Transportation? That’s so last week.
The latest rumors are that the House leadership is going to propose an entirely new bill focused on jobs – that may contain some shorter-term transportation spending – and vote on it next week.
The continuing H.R. 7 meltdown seems to be part of a larger rift among leaders in Washington. Senator Olympia Snowe of Maine, a moderate Republican, announced yesterday that she won’t be running for re-election, primarily because of the increasing partisanship that has gridlocked Congress over the past few years.
The shake-up in the House may be an opportunity, though, and whether it’s a new bill or a re-vamped H.R. 7 , T4 America has some suggestions for how it should be different from the last version.
Others have expressed similar openness to taking a different tack. DC Streetsblog reports:
This might not be such a bad thing, surmises Steve Heminger, executive director of the Bay Area’s Metropolitan Transportation Commission. “Maybe what we have here,” Heminger said at a media conference call convened by T4America, “is an emerging consensus to buy a little time, get past the presidential election, then use that time wisely and think big again.” A two-year bill, then, would really serve as an extension of the current law while “planting the seeds,” in Heminger’s words, for a longer-term bill that would “invest in the network the way we need to.”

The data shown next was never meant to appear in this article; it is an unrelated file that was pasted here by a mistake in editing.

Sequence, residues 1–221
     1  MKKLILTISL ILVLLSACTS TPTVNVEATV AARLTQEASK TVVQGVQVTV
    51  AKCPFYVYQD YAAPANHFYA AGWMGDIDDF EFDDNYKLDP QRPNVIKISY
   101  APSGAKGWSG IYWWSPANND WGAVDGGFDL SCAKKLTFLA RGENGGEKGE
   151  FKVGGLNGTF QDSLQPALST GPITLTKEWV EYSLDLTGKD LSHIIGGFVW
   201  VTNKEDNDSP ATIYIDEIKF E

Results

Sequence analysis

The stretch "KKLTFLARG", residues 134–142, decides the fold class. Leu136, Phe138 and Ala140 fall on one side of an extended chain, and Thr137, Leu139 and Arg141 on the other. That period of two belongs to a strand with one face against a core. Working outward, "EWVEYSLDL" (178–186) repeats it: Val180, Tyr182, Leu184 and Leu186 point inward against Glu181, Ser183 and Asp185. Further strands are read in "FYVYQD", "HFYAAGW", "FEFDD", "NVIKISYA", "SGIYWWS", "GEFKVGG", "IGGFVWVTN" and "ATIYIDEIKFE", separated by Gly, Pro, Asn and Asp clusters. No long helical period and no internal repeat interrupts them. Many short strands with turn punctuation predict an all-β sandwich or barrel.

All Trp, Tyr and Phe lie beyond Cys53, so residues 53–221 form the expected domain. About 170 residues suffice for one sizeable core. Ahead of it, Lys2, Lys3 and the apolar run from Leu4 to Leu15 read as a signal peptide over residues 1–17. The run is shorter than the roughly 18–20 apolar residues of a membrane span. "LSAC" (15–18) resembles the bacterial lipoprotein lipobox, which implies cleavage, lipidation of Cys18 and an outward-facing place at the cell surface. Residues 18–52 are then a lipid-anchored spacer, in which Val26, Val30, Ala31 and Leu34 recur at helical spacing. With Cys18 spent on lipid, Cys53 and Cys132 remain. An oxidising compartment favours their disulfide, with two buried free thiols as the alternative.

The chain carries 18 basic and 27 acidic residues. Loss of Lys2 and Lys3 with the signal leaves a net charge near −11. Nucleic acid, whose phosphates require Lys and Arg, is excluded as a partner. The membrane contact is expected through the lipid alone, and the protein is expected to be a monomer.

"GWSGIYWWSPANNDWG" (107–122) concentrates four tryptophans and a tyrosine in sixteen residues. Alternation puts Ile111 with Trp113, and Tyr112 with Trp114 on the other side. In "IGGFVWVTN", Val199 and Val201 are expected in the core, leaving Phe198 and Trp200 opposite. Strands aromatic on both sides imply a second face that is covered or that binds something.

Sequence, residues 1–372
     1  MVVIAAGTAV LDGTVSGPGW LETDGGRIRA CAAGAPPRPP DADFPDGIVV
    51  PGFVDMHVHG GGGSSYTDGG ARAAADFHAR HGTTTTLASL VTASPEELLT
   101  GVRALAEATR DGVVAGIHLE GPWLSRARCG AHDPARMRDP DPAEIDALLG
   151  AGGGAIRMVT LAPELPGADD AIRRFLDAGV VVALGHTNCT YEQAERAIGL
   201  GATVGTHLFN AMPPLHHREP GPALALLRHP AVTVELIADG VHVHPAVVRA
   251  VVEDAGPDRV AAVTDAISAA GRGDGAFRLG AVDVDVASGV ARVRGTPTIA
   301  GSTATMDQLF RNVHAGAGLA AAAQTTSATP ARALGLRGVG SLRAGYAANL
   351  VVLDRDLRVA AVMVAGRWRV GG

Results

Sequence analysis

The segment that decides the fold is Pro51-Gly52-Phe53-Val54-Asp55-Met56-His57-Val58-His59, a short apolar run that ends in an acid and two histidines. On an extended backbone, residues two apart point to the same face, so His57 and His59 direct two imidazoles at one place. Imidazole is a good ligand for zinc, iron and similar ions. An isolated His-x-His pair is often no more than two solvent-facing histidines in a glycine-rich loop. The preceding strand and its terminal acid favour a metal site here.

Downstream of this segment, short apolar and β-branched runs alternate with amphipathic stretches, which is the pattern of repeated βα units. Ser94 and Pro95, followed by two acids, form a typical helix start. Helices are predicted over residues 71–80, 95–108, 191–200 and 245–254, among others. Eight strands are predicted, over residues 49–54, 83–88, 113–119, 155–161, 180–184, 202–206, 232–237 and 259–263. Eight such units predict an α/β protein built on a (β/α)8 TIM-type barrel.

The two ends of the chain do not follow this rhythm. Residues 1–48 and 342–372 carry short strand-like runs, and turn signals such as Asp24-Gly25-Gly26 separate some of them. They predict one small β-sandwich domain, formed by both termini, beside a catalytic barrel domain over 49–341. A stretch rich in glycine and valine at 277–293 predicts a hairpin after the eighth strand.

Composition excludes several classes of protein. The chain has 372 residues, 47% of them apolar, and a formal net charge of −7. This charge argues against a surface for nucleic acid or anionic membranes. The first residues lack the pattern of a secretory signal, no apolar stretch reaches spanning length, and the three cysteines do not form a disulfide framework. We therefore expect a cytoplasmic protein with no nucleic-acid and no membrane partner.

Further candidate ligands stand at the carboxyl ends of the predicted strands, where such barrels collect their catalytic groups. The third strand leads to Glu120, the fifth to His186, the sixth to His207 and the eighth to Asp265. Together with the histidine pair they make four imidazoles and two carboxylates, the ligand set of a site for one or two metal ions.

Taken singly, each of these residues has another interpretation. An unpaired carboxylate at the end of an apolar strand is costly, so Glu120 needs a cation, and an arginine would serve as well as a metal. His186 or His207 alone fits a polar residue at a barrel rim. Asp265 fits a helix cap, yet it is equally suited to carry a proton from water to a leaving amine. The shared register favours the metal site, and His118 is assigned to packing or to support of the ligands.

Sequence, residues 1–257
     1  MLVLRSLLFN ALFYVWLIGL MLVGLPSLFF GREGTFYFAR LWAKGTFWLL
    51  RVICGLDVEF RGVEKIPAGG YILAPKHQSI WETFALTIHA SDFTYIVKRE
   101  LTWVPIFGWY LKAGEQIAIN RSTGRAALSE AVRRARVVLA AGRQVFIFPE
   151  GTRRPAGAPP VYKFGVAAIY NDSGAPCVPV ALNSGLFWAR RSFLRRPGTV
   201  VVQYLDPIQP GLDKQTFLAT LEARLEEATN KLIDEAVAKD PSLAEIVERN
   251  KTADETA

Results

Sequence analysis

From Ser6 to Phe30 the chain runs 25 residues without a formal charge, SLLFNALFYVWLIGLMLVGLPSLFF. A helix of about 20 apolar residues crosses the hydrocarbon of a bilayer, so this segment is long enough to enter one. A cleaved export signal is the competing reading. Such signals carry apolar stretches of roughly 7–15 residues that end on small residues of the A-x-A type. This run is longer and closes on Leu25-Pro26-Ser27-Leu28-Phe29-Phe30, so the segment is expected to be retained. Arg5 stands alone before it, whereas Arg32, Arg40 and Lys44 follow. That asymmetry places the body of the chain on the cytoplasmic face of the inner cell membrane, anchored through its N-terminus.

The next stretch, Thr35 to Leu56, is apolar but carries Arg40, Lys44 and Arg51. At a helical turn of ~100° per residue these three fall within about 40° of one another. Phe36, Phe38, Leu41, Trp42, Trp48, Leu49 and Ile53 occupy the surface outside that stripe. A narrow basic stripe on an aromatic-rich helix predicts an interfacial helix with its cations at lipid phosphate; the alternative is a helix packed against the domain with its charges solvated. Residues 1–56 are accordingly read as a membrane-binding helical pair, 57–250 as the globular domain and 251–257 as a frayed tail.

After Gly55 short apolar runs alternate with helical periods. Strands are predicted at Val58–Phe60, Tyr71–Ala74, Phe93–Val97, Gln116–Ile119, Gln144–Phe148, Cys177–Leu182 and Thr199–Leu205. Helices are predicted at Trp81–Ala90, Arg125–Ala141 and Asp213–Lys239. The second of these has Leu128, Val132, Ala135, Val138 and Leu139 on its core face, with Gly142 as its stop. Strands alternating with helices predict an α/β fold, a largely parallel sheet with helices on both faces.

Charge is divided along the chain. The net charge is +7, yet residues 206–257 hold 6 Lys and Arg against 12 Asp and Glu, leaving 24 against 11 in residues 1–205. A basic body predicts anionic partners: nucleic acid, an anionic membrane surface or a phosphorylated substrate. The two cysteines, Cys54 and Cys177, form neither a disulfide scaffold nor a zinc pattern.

In the Senate, a vote on Senator Roy Blunt’s contraception amendment is on the agenda for tomorrow, as Senate leaders finalize the full list of MAP-21 amendments. It’s likely that debate on the transportation-related amendments to the transportation bill will begin next week.
Then again, other off-topic amendments may continue to keep the heart of the bill on the sidelines. We’ll let you know when we hear more on timing.
Regardless of what happens in the Senate, the House kerfuffle makes it a tall order to complete a transportation bill by the next extension expiration date of March 31. Seems we’re again approaching a deadline where the only thing that’s certain is uncertainty.